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We are going through massive disruption in the media world. From my perspective there has never been a more exciting time to be involved in this space. Traditional media is under threat. Newspapers are laying off teams of journalists, advertisers are reallocating budgets and the paying customer has found an alternative – free online news, any time and anywhere. Television is also under threat.
Today, I want to talk about something very different. I am not going to hit you with yet more reasons to journey down the content marketing trail, discover more about the virtues of an animated video or enrol on some media or presentation skills training session. No, you’ve heard it; you’ve seen it; you’ve tried it; blah blah blah. Nope, instead today I want to play with your mind.
I get to see a lot of people present. I get to see a lot of people present badly. And my guess is that you do too! Last week I finished a series of presentation training sessions with a large organisation here in Western Australia. They were big group sessions so we weren’t able to carry out as much practical work as usual, but we were able to talk on the subject at some length.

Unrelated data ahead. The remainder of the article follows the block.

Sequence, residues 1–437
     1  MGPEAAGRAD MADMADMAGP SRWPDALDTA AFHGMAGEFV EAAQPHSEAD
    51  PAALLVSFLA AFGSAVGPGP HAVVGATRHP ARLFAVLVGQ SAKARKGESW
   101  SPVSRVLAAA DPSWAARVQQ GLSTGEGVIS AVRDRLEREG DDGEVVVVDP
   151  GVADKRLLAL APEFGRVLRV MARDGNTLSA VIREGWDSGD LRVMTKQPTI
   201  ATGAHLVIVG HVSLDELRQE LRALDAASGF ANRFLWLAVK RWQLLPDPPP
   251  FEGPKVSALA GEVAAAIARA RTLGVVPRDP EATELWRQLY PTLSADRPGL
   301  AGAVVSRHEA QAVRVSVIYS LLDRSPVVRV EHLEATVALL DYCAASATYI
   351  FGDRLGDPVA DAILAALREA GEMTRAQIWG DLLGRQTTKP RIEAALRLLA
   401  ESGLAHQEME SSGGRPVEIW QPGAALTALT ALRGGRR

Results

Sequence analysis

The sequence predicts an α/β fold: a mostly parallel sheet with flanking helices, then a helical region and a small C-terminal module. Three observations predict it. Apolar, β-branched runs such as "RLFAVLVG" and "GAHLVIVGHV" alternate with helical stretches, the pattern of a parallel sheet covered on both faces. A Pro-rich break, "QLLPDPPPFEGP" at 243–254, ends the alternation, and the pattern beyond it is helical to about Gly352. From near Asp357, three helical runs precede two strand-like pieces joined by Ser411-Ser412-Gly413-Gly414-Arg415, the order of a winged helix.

Humans are hardwired to interpret the world visually. It makes perfect sense — primitive man had to spot the lion in the long grass quickly to keep himself safe. After millions of years of evolution, it’s no surprise that in an age when lions are the least of our worries (well, for most people at least) we still find it easier to make sense of the world visually.
I’m curious. Do you know how people perceive you? Maybe the four years of psychology I did before working in the media has turned me in to an over-thinker. Or is it a fact that I’ve now moved in to the “wisdom” stage of life? (Some of my friends may well doubt that theory.) The thing is, I’ve become fascinated by the way we come across to others.